and disk space utilization statistics. page — Learn how to graphically display OProﬁle data. page — Learn how to proﬁle system performance.6. • sadc(8) • sa1(8) • sar(1) • sa2(8) man page — Learn how to collects system utilization data.6.1. CPU. • watch(1) • man page — Learn how to periodically execute a user-speciﬁed program. the counter value of 6000 used represents the minimum value recommended by opcontrol --list-events. 2. man page — Learn how to display CPU utilization and process-level statistics. followed by a variety of libraries and the X Window System server. This report (produced on a mostly-idle system) shows that nearly half of all samples were taken while the CPU was running code within the kernel itself. displaying fullscreen output. Additional Resources This section includes various resources that can be used to learn more about resource monitoring and the Red Hat Enterprise Linux-speciﬁc subject matter discussed in this chapter. memory. This means that — at least for this particular system — OProﬁle overhead at its highest consumes roughly 11% of the CPU. man page — Learn how to display individual CPU statistics on multiprocessor sys- • vmstat(8) man • iostat(1) • mpstat(1) tems. man page — Learn about a script that runs sadc periodically. man page — Learn how to change process scheduling priority.28 Where: • <sample-count> represents • <unused-field> is Chapter 2. swap. Installed Documentation The following resources are installed in the course of a typical Red Hat Enterprise Linux installation. system. • free(1) • top(1) man page — Learn how to display free and used memory statistics. • nice(1) • oprofile(1) man • op_visualise(1) man . GNOME System Monitor Help menu entry — Learn how to graphically display process. man page — Learn how to produce system resource utilization reports. and CPU utilization. man page — Learn how to display CPU and I/O statistics. It is worth noting that for the system running this sample session. XFree86. memory. man page — Learn how to produce daily system resource utilization report ﬁles. 2. I/O. Resource Monitoring the number of samples collected of all samples collected for this speciﬁc executable • <sample-percent> represents the percentage a ﬁeld that is not used the name of the ﬁle containing executable code for which sam- • <executable-name> represents ples were collected. page — Learn how to display a concise overview of process. Next in line was the OProﬁle data collection daemon.
Red Hat. Garth Snyder. Fink and Matthew D. http://oproﬁle.com/article.net/ — OProﬁle project website. Includes valuable OProﬁle resources. Kabir.php?sid=2396 — Performance Monitoring Tools for Linux. Inc. • • • . including pointers to mailing lists and the #oproﬁle IRC channel. Linux System Administration: A User’s Guide by Marcel Gagne. including OProﬁle.2. Useful Websites • • http://people. http://www. Resource Monitoring 29 2. but includes an interesting section on diagnosing a system that has suddenly slowed down.com/alikins/system_tuning.redhat. Linux Administration Handbook by Evi Nemeth. • 2. Related Books The following books discuss various issues related to resource monitoring and are good resources for Red Hat Enterprise Linux system administrators: • • The Red Hat Enterprise Linux System Administration Guide. A stream-of-consciousness approach to performance tuning and resource monitoring for servers. and ﬁle servers. Prentice Hall — Provides a short chapter similar in scope to this book. Red Hat Linux Security and Optimization by Mohammed J. This Linux Journal page is geared more toward the administrator interested in writing a customized performance graphing solution.6.html — System Tuning Info for Linux Servers.sourceforge. Sherer.3.6. — Includes information on many of the resource monitoring tools described here. and Trent R. Sams — Provides more in-depth overviews of the resource monitoring tools presented here and includes others that might be appropriate for more speciﬁc resource monitoring needs.linuxjournal. Web. Hein. some of the details may no longer apply.Chapter 2. but the overall concept and execution are sound. email. Addison Wesley Professional — Contains a small chapter on performance monitoring and tuning. Red Hat Press — Approximately the ﬁrst 150 pages of this book discuss performance-related issues. This includes chapters dedicated to performance issues speciﬁc to network. Written several years ago. Linux Performance Tuning and Capacity Planning by Jason R.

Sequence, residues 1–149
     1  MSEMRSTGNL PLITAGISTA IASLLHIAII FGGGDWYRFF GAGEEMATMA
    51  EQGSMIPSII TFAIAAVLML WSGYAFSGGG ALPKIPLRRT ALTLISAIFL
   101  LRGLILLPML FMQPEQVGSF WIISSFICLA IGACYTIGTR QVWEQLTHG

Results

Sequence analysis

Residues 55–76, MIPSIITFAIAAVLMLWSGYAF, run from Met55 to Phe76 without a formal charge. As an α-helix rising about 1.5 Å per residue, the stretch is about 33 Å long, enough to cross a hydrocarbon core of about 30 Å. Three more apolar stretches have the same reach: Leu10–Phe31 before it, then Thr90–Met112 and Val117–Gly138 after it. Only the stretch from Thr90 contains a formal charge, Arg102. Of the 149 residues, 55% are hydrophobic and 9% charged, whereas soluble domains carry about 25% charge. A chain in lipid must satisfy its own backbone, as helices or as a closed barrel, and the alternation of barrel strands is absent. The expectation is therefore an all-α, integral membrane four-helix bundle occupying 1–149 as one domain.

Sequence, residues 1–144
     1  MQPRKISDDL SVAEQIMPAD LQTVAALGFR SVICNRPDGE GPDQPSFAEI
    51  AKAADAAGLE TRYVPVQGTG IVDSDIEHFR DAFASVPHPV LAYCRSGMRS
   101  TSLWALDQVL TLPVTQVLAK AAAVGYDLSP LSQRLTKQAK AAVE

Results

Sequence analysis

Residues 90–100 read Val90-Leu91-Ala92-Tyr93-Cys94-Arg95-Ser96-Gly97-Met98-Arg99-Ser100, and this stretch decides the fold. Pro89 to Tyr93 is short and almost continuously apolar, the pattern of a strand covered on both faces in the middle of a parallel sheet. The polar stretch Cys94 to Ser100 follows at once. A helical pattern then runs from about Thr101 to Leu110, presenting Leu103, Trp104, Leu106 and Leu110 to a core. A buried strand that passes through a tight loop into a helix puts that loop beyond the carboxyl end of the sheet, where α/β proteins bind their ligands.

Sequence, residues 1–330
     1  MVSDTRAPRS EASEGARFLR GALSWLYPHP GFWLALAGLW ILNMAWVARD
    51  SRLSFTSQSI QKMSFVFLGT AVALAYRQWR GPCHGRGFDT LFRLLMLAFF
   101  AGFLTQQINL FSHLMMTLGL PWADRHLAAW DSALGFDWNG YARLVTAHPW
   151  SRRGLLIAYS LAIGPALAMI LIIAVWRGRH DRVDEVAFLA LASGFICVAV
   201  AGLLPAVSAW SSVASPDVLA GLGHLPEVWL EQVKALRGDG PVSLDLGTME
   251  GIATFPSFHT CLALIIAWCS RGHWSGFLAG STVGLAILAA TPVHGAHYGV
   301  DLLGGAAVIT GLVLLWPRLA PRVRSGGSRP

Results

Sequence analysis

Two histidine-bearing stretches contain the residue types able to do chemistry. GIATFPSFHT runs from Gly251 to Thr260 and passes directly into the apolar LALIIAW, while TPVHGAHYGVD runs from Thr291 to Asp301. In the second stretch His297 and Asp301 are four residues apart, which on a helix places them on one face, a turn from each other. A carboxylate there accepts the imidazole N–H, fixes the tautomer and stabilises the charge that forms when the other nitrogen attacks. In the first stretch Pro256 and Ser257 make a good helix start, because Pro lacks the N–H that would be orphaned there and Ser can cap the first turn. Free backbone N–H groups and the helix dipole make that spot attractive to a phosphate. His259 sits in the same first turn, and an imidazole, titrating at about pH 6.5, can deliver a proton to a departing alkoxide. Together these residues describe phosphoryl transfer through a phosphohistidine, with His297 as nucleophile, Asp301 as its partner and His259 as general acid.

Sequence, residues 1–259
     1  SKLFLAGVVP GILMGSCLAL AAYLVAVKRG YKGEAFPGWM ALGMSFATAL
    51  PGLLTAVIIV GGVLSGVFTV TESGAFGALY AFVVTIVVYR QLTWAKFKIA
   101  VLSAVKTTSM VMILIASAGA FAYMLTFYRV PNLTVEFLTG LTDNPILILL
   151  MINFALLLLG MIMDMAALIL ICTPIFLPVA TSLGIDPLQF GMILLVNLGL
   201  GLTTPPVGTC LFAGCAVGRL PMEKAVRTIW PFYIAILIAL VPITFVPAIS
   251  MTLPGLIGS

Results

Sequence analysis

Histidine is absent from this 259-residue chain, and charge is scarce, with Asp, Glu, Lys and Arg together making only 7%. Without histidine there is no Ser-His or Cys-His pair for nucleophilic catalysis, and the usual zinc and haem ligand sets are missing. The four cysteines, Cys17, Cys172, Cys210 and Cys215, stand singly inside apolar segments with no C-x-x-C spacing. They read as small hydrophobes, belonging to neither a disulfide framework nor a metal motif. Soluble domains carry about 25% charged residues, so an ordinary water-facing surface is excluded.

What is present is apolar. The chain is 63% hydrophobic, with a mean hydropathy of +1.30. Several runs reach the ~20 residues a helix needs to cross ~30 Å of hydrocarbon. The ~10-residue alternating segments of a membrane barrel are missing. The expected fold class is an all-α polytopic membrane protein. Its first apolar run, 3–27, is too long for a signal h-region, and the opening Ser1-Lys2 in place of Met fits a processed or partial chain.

Resource Monitoring .30 Chapter 2.